The Barbara Belgrade Spargo Collection: Facets of Modernity (1900-1950)
January 13 - April 1, 2012
Introductory wall panel text for the exhibition
Ignited in 1975, Barbara Spargo's passion for collecting art has become a fruitful and lifelong devotion. The spark was the simple need to decorate the home that she and her husband Al purchased shortly after getting married with maintenance-free fixtures, having "failed to keep indoor plants alive." Visiting small art fairs in Old Saybrook, Mystic, and other towns in Connecticut to purchase decorative artworks by local painters, Barbara quickly developed an eye for artistic talent.
The following year proved to be a turning point, when Barbara was introduced to and fell in love with the dynamic movement and lyrical color of Paul Jenkins' (b. 1923) abstract expressionist canvases during a trip to California. She subsequently traveled to New York to make her first major purchase, a 1976 Jenkins watercolor, and has not looked back since.
Thirty-five years and over 300 acquisitions later, Barbara's home is a repository for an inspiring collection of art, rich in both aesthetic and historic value. Through avid reading, academic study at Wesleyan University, frequent museum and gallery visits, and docent positions at the Florence Griswold Museum and Yale University, Barbara established a strong interest in American art, particularly the Ashcan School, which was also encouraged by her mentor Katherine Degn of Kraushaar Galleries.
Facets of Modernity (1900-1950) presents a selection of highlights from the Barbara Belgrade Spargo Collection and captures Barbara's admiration for Ashcan artists as some of the most daring voices in the history of American art. Approximately one half of the exhibition is dedicated to artworks by members of The Eight, a group of painters led by Robert Henri (1865-1929). Formed in 1907, the group rejected the classical, genteel themes and traditional art practices promoted by conservative academies in favor of a more expressive, individualized approach that was better in touch with the pulse of life in the Industrial Age. Other painters followed suit by turning their attention to urban subject matter and scenes of daily life, particularly those of the poor and immigrant classes, which had been either invisible or overly sentimentalized in academic painting. Collectively, the artistic production of The Eight and their associates became known as the Ashcan School.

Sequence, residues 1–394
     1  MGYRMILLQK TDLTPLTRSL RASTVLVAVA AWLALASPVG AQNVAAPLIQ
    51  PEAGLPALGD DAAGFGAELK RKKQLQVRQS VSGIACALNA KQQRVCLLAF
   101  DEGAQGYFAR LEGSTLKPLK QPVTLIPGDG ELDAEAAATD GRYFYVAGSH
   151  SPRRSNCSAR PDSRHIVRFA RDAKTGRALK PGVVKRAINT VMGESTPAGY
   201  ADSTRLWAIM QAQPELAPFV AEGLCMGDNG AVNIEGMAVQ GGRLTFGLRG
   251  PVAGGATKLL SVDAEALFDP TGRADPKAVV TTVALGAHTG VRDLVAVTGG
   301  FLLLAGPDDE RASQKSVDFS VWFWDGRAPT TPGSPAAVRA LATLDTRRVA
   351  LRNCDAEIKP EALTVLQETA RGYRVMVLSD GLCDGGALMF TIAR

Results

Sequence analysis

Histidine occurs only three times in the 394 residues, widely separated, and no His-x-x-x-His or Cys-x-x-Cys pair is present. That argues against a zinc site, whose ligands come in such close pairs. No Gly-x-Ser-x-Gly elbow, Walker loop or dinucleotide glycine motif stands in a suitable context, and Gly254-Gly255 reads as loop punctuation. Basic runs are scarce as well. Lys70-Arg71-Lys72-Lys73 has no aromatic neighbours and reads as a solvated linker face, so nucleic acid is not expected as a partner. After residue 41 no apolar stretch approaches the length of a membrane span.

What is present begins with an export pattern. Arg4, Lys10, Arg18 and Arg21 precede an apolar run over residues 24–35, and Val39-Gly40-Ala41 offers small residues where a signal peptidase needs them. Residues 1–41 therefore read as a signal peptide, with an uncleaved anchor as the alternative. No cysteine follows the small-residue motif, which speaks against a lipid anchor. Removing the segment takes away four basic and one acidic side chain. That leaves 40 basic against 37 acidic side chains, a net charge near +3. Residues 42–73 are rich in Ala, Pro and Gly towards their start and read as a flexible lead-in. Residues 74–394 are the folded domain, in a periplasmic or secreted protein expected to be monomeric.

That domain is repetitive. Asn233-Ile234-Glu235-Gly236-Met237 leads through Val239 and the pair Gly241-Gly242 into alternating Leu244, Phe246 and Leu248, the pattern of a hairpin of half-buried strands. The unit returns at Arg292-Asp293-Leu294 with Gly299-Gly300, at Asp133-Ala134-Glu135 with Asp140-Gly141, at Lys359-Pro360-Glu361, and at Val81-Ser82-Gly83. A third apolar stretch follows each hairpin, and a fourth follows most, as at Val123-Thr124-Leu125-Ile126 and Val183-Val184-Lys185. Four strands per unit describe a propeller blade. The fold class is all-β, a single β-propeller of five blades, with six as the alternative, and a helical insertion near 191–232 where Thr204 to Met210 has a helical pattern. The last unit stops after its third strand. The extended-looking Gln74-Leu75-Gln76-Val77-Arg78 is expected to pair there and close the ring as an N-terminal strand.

Facets of Modernity (1900-1950) also provides a kaleidoscopic view of other artistic developments in the first half of the century as American artists such as Marsden Hartley (1877-1943), Max Weber (1864-1920), William Zorach (1887-1966) and others began to adopt and adapt the radical experiments of the European Avant-Gardes. Some of the artworks on display complement the Museum's existing holdings perfectly, while others provide examples of works by artists who are not represented in the Museum collection to show the pluralistic tendencies that characterized art making during one of the most unsettling and transitional periods in American culture.
Barbara Spargo has worked as the Enrichment Director of
the Old Saybrook Adult Education Program for the past eleven years and has
been a lifelong promoter of learning and growth in her community. The New
Britain Museum of American Art is most grateful to Barbara for the promised
gift of a substantial portion of her collection to the Museum to be enjoyed
by the public for years to come.
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